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These 18 Development & Support Chairpersons have the job to cover most of 48 states in person and Hawaii and Alaska and several other states where we could not find a reasonably close-by Chairman, by mail. I have taken the "Zone Rep" vernacular from the auto industry since it seemed more appropriate to me than "Chairman". This is because their job is to represent AACA National and what it has to offer to the Regions and Chapters, on request. Or, in some cases by simply attending a local event. I found while I was VP - Regions that many Regions & Chapters, as well as individual members, felt left out because they had never ever seen, met or heard from someone elected or appointed as a National representative with knowledge that they could impart as to what AACA had to offer. Basically these Chairpersons/Zone Reps visit a Region or Chapter Meeting, and give a presentation about AACA, and sometimes this is done by a Director. In fact I have visited Regions in Sebring and Naples, Florida and San Angelo, Texas and given a presentation and they were really appreciative. We did have a really good video to show, but it is now so outdated we need to find a way to make a new one, and I don't recommend using it anymore. But in closing the whole idea is and was mine, and it is to give members who have never seen or been close to the National organization or anyone associated in some way with it, a chance to "put a face" on AACA. Any Region or Chapter who doesn't want to have a presentation at their meeting certainly isn't required to have one. It's just a program we offer to help members better understand what the National AACA is all about, and show them that the National organization does care about every member.

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I have been monitoring this thread and am surprised about the lack of response concerning touring. I know this question would only touch a few people but I thought there might be some comments. So here goes - my two cents worth.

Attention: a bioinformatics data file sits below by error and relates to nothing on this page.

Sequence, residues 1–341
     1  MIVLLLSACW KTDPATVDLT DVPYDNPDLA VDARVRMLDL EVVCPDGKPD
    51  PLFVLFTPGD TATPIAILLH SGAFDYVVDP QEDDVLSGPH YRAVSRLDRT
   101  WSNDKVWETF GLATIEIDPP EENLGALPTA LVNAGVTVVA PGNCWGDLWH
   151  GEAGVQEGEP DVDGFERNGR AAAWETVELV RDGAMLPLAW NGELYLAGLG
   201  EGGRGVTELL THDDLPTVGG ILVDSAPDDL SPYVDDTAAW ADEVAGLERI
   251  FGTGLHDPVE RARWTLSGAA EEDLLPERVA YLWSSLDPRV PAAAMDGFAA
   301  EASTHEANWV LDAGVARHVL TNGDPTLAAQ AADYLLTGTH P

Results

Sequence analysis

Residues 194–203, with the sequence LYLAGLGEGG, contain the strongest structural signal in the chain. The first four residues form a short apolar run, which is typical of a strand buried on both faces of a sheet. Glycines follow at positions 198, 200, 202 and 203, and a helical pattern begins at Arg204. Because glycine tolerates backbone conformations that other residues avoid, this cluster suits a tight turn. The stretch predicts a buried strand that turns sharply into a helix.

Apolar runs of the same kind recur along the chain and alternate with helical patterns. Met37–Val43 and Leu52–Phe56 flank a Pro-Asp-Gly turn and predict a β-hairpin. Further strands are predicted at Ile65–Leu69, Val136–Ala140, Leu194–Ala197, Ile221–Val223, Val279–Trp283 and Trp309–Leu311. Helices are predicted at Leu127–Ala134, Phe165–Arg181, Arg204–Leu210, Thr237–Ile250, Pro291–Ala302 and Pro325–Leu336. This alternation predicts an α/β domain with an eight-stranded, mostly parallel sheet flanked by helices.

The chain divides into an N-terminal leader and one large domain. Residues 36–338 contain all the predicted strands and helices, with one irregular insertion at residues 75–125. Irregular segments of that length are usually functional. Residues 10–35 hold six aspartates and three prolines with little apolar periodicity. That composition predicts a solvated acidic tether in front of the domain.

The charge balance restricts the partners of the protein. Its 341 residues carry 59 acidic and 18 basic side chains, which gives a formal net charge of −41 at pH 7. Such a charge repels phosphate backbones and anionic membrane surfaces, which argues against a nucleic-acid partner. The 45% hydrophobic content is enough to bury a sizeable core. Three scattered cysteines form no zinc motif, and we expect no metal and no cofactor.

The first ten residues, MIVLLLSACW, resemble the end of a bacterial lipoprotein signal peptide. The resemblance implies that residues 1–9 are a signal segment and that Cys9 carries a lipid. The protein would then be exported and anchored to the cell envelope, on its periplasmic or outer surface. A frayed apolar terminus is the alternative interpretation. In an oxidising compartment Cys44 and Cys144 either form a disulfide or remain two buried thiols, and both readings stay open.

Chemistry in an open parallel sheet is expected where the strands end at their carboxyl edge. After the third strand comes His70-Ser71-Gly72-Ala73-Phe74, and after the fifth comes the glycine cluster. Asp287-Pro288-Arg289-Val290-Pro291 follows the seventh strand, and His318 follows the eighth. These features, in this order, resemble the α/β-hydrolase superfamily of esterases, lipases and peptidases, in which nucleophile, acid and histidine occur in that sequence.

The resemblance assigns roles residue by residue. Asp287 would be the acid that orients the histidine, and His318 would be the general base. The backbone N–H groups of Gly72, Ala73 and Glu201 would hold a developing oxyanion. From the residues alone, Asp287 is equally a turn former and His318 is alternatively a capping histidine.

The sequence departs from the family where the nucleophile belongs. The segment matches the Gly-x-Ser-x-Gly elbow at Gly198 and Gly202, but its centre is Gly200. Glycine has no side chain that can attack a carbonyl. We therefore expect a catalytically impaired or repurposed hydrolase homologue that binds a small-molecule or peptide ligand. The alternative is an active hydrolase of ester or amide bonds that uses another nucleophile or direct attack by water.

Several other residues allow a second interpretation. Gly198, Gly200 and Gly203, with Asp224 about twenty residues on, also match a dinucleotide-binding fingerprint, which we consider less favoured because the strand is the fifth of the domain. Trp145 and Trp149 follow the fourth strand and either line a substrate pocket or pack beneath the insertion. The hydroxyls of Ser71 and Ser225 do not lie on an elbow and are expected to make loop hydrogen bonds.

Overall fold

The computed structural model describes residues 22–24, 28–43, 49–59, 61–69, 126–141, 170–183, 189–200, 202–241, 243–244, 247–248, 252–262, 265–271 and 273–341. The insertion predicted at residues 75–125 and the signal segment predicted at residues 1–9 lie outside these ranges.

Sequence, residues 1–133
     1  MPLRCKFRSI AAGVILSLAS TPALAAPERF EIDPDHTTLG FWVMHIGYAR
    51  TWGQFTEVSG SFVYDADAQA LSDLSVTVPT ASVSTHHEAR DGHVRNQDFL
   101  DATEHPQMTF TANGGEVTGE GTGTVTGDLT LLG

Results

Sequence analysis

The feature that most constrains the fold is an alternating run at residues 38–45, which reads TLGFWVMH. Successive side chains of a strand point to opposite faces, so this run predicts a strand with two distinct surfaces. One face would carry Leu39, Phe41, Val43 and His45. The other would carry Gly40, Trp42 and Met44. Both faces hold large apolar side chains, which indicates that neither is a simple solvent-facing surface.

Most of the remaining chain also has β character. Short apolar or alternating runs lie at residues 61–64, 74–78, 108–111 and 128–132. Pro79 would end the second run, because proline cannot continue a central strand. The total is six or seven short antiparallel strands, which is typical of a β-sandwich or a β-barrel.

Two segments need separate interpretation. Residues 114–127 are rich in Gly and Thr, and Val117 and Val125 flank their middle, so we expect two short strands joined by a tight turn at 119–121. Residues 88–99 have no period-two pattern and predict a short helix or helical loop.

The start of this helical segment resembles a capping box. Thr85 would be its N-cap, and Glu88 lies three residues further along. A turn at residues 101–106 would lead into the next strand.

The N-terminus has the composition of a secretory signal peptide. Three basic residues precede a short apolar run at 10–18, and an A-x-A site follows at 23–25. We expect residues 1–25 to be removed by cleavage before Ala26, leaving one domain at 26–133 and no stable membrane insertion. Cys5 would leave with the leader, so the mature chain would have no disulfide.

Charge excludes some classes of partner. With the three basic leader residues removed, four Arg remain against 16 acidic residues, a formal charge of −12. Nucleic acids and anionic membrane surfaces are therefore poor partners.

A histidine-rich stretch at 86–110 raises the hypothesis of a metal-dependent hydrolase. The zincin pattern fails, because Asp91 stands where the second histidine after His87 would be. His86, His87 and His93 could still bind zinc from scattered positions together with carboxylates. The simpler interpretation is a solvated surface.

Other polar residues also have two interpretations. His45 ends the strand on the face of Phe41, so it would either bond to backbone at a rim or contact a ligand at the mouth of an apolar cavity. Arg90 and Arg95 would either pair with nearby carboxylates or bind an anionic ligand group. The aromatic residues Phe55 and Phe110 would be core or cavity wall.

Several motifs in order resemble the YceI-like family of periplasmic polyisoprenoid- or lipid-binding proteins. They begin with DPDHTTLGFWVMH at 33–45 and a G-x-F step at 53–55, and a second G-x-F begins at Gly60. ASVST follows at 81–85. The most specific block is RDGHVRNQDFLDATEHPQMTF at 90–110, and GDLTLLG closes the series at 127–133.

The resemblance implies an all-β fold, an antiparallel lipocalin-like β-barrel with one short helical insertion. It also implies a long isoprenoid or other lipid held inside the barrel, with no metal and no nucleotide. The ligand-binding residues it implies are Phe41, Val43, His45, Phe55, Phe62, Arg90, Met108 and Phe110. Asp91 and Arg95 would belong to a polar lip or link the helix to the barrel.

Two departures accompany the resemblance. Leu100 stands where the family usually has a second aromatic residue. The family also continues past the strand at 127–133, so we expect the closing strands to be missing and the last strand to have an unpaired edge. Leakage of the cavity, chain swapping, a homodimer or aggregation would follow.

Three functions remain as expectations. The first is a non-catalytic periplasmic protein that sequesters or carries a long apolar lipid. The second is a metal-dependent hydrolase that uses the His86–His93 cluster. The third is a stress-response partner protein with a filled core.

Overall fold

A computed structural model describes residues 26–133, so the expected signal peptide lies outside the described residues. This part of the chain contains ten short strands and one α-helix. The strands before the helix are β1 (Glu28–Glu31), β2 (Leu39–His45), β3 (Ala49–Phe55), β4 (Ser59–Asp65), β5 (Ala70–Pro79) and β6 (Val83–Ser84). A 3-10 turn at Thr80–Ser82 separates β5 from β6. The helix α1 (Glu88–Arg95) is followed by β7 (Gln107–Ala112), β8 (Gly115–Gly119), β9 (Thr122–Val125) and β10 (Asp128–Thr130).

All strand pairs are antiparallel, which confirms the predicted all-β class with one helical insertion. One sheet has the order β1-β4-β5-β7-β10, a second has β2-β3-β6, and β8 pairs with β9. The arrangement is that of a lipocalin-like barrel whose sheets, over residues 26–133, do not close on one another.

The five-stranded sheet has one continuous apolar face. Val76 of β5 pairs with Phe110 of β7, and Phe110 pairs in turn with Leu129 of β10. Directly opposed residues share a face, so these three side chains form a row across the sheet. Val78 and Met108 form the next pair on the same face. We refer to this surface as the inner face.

The touring side of the hobby is great - although not for all members. I was tour chairperson for the 1999 Vintage Tour, which was only the 2nd one ever held. The Brass-Nickel Touring Chapter (BNTC) was the host chapter and was chartered in October of 1997. In February of 1998, I got a call from National asking us to consider hosting the tour. At this point, we had not even had one meeting yet as a chartered chapter, no chapter member had been on a AACA national tour, and we had about $50 in the treasury. We took several months to meet and get organized, fill out the application, send in the paperwork, and get Board approval. By the time all this was done, it was mid-summer. The only available date was August 1999 - just 13 months away. We got the job done and managed to put on a good tour with many new ideas like the tour book. We offered an affordable tour ($125 for car, driver, and one passenger); however, because of the costs involved and the low number of participants (34 registered), we lost money.

What I want to address is some of the costs of putting on a tour - particularly for the smaller tours. If you ever read the chapter in the national Policy manual on hosting a tour, there are a lot of requirements that you must meet in order to host a tour. I am sure that they were put there for a good reason. However, because of the low numbers of tourists some are budget breakers. Case in point-

1. The tour bags need to be clear on one side. You will understand this rule if you have ever ridden in an open car in a rainstorm. The problem is that they were (in 1999) only available one place. I had to order a minimum of 50.

2. We needed to have two banners per car. Once again there was a minimum number to be ordered of 50 (or 100 banners).

<span style="text-decoration: underline">Solution:</span> It would great if National could purchase a quantity of bags and blank banners and offer them at cost to the host Region. I could have gotten them silk screened locally but I was unable to find a local source. Now that I think about, I could have gotten them done for free in exchange for a free ad in the tour book. So my costs would have been reduced to cost, I would have another gotten sponsor, and I could have ordered the amount needed not a minimum. Does any one want to buy a 1999 Tour bag or banner?

3. Dash plagues - are great but a huge expense. With a required minimum order of 100, we had plenty left over. In fact, we had more left than we gave out. For this one, I do not have any ideas except to say that we need to be allowed to be creative in offering alternative ideas.

4. This was a real budget breaker. We had to furnish a room all week for the National President, tour director, and tour chairperson. For our tour, I could not arrange any complimentary rooms. In 1999, rooms were at a premium. I did get a great rate for everyone of $49/night but when you subtract the number of people who stayed in campers, we only booked about 30 rooms. This expense was almost $1,000 (our biggest expense). Not sure what to do here.